There was no feather in the classroom but crepe papers. I cut a small piece from each colour: green, purple, pink, fuchsia. The class was divided into 4 groups of 4. Two metre sticks were laid on the carpet as starting point. The distance of each paper will be measured from the starting point to where it will land using a ruler (cm). One member from each group every turn. 1, 2, 3, Blow!

It’s a spur of the moment simple math activity and yet, students were so engaged during the learning process. Who would have thought?

 

DPA: Daily Physical Activity

A slice of exercise for the Slice of Life Story Challenge: Day 29.

Often times, I feel guilty having students sitting for the longest time because they need to finish an assigned task. Meanwhile, as a teacher, I like to move around. When attending workshops, I need to have some caffeine boost especially if it’s happening after work and I know I will be sitting down for a minimum of 2 hours.

Kids are the same way. They want to move around. Some of them need more space than others. One or two would need that extra room on the carpet when the whole class is there. I had one student who would be moving from one spot to another during this time but he’s all attentive to what’s happening. As a whole class, we learned that it’s what he needed. We gave that to him.

Four years ago, I made a compilation of dance songs in a CD. Of course, one of them was Cha Cha Slide. Now, there are more resources that are available for us to use in our classroom. As long as we have the internet connection, they are available for use anytime. They are more up-to-date too. Here are the links that I use that the kids love.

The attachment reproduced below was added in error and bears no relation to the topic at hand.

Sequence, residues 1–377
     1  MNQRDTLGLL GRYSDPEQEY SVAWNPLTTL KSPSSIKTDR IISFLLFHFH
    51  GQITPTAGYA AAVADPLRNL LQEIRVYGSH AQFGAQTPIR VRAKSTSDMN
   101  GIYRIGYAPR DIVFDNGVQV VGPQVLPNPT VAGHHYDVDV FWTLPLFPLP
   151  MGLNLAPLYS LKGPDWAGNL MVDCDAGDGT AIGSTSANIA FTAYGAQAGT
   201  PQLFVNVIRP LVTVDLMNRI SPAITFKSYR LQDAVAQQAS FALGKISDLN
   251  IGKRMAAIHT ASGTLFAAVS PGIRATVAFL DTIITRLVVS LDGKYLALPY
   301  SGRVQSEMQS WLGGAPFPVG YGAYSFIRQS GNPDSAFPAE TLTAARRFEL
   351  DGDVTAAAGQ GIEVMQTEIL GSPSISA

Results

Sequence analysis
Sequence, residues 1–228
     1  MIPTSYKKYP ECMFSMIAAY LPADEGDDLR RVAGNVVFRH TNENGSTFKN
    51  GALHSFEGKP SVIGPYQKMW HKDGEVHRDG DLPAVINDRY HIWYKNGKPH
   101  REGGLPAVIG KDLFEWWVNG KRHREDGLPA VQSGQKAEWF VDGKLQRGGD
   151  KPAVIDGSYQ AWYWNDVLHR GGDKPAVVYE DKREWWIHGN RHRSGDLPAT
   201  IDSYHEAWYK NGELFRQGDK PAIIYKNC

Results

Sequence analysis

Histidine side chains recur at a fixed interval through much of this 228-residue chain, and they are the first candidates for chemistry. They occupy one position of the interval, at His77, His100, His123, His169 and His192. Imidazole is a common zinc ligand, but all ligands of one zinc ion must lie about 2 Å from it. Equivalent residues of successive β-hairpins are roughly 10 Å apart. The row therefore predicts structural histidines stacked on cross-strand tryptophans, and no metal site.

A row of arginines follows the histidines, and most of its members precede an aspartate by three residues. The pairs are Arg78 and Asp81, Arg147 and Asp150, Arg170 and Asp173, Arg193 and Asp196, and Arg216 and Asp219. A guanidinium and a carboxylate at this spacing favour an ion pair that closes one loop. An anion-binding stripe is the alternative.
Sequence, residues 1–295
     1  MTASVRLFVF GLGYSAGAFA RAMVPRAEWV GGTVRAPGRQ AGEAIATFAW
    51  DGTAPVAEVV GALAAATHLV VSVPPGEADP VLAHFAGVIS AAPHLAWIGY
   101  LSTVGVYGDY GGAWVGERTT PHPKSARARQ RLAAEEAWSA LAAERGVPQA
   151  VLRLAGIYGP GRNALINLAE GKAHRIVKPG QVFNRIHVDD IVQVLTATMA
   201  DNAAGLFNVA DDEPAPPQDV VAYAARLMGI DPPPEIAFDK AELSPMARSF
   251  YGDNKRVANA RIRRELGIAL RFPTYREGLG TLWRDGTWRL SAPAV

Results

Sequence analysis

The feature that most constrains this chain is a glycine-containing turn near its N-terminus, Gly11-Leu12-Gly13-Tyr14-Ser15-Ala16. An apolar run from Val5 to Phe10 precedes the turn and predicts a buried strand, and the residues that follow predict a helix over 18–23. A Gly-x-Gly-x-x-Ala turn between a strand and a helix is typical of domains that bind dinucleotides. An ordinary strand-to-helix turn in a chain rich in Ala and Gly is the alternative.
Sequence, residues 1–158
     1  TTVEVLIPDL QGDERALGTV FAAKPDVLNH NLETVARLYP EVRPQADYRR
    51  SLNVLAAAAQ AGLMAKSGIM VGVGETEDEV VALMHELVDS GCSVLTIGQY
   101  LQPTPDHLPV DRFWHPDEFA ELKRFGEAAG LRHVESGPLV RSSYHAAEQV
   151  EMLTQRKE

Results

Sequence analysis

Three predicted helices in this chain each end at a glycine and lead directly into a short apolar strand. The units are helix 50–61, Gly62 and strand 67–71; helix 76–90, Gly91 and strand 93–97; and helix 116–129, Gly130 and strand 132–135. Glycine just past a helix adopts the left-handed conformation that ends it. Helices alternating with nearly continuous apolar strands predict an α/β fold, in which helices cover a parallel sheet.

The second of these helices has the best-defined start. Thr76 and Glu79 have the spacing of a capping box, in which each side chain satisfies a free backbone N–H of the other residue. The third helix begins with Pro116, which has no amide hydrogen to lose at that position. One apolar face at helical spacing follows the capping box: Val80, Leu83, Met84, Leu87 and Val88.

I am getting better at allowing frequent breaks in the classroom reminding myself that exercise is good for the heart as well as the mind.

 

The Book With No Pictures

A slice of my today’s reading for my A Slice of Life Story Challenge: Day 9.

Books that are out of the ordinary really catch my attention. The Book With No Pictures is one of them. A student showed it to me this morning with all the excitement in his eyes. His so thrilled that he was able to get hold of the book from the library. He started showing me the few pages.

Would it be such a pleasure to see all students getting excited in reading like him? As educators, we try our best and maximize our time to give opportunities to students to be able to read while in the school. Each classroom has its own collection of books. Each school has a library that houses reading materials of all genre.

As much as we encourage to extend the reading at home by parents reading to them or listening to their children read, each family situation is different. In school, we speak the same language and provide the same environment that’s conducive to learning of each individual.

When they leave the school’s premises, they deal with their own situation at home. Some are fortunate to have a home that’s full of love and care. They are given the attention they need. There’s food on the table. But some are less fortunate to have this ideal home environment. If this is the case, how can we inspire them to develop the love for reading if the basic needs are not met?

Let’s remind ourselves that these young people also have their own baggage when they enter our classroom. Our hope is to see each of them succeed in life no matter what kind of situation they’re in right now.

As challenging as it can be, let’s continue to keep that spark in their eyes and their curiosity for learning. Let them paint happy pictures on the book that only have the words.

(Photo Source: hellogiggles.com)